Buy Now/Pay Later (BNPL) transactions seem to be a thing that is catching on. A recent study shows that Millennials and Gen Xers particularly are warming to the use of this approach to finance purchases above $500.
Apparently Apple, Inc. is joining in this space through its Apple Wallet. Surely there is a way for consumer finance companies, working with installment sellers to capitalize on this trend.
Finance companies regularly buy installment sales contracts from credit sellers. There is no reason that, if the price is right, they should not purchase BNPL paper also. In the initial transaction, the credit seller will be responsible for giving the Truth-in-Lending Act (TILA) Disclosures to the purchaser. Even though no finance charge is assessed, if the purchaser has the right to repay the contract in more than four installments, TILA disclosures are required.
So, finance companies must remain vigilant of assignee liability under TILA. Bearing this in mind, there are several considerations:
• Since the “cost of credit” is built into the price of the goods that are the subject of the BNPL transaction, any assignee of a BNPL contract should obtain affirmation from the seller that there is no difference in the “cash price” for a cash transaction and a BNPL transaction. If there is a difference, then the additional cost is a finance charge that must be disclosed to the purchaser.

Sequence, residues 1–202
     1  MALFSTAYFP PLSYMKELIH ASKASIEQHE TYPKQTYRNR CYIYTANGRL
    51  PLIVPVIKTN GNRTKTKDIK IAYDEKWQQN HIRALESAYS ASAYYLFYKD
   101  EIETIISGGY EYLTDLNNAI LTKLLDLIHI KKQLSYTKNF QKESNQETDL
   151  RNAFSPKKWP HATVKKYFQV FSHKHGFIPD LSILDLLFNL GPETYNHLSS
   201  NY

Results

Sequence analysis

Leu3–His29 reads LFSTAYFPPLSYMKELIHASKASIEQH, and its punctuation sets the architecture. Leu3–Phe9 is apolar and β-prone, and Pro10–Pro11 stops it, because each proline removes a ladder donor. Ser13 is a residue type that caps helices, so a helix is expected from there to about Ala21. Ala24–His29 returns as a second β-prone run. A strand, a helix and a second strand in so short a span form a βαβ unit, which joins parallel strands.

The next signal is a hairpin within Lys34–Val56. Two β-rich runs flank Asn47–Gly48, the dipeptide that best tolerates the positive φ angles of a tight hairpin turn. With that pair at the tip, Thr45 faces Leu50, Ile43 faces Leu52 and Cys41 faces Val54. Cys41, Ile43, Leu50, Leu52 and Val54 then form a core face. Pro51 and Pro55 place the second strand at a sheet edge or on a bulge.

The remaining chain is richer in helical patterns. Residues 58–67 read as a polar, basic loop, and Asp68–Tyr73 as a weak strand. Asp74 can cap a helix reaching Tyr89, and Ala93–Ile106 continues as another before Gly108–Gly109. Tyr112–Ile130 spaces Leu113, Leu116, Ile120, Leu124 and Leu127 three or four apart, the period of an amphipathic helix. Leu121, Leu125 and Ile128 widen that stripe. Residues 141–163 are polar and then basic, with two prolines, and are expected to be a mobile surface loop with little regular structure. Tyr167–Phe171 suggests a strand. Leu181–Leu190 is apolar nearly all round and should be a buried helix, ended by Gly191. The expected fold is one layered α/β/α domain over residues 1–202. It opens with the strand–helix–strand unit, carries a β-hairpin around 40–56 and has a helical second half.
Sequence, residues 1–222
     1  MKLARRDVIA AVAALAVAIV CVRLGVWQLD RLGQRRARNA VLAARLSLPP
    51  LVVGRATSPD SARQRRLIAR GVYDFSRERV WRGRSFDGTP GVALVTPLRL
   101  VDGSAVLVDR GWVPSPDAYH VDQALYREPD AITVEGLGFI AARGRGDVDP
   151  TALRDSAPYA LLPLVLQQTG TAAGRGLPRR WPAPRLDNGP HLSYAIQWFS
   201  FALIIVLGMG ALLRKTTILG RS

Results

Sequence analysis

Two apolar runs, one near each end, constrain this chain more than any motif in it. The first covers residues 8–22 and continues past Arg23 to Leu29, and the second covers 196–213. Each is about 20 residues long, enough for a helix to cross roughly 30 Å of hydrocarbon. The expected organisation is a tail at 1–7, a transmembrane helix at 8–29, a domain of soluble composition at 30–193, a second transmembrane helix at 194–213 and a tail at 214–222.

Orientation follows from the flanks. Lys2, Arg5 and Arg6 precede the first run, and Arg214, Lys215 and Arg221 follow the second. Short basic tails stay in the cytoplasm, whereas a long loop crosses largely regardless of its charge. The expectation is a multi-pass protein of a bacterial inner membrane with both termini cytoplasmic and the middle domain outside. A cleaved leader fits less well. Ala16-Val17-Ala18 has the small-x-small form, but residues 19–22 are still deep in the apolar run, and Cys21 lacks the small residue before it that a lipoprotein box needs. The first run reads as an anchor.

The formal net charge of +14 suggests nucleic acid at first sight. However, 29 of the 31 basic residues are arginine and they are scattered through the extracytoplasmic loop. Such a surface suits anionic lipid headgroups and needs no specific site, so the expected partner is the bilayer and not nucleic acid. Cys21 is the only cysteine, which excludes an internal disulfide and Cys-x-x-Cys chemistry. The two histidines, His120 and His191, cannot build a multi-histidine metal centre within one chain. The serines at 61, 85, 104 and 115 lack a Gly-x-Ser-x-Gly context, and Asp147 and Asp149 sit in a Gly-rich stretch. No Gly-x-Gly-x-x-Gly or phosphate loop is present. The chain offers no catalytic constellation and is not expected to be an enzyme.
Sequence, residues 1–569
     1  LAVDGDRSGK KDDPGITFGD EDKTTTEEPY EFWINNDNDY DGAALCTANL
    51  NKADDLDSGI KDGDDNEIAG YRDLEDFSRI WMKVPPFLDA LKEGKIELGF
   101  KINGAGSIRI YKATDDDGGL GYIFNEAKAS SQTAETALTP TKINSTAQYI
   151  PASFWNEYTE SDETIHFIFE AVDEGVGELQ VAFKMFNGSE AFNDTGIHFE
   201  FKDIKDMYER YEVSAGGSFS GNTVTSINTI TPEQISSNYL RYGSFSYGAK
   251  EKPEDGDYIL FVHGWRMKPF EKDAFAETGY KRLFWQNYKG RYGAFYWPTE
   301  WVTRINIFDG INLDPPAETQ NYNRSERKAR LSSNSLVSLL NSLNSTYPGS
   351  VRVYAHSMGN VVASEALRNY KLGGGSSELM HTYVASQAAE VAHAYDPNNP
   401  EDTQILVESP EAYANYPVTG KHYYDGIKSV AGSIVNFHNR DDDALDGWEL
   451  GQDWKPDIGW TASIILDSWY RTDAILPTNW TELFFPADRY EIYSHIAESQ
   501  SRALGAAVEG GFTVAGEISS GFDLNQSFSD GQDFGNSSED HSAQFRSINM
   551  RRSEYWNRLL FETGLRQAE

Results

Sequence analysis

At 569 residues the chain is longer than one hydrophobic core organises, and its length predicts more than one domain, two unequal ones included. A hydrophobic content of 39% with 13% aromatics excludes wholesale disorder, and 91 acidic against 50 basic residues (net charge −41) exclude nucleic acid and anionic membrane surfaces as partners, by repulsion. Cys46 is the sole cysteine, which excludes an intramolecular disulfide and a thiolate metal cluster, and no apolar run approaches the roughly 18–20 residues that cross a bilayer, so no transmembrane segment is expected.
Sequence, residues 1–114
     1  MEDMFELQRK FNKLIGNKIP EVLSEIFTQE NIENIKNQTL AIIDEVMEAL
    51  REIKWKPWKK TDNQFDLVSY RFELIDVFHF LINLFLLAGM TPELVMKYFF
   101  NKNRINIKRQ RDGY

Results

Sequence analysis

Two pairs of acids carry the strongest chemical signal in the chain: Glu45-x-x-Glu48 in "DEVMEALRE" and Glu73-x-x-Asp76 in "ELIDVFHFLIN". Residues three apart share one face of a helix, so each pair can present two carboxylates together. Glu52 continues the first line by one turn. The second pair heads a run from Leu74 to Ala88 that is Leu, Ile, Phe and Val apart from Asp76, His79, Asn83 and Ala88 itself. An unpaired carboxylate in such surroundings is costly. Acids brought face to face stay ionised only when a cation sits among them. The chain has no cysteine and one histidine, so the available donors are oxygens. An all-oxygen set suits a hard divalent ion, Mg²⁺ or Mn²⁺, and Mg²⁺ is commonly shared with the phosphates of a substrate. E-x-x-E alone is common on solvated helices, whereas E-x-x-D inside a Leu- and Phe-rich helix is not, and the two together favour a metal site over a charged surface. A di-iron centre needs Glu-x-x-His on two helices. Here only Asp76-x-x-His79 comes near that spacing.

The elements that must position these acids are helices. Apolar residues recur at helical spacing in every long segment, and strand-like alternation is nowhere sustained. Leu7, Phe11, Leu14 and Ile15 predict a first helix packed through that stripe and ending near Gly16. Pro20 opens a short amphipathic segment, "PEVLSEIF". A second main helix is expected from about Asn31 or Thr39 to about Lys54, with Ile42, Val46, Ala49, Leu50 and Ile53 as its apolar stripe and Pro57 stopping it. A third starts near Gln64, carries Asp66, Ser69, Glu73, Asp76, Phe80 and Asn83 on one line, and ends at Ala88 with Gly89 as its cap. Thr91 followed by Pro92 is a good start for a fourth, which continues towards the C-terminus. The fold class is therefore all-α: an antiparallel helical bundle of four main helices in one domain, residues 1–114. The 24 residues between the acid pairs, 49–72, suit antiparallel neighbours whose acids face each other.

• A clear explanation of how missed payments will be addressed by the seller or contract assignee must be a part of the contract.
• An explanation of late charges that may be imposed must be disclosed.
• If the contact will transform retroactively into a true indirect sale/finance contract in the event of default in the BNPL terms, an explanation of how and when such will occur should be disclosed.
• A traditional consumer finance company that buys BNPL paper may well have the opportunity to convert the purchasers into borrowers of traditional consumer finance loans.
The CFPB is beginning to take a more in depth look at BNPL transactions. I understand that it will issue guidance or rules focusing on these transactions. Meanwhile, there is certainly opportunity for traditional installment lenders in the BNPL field.
Maurice L. Shevin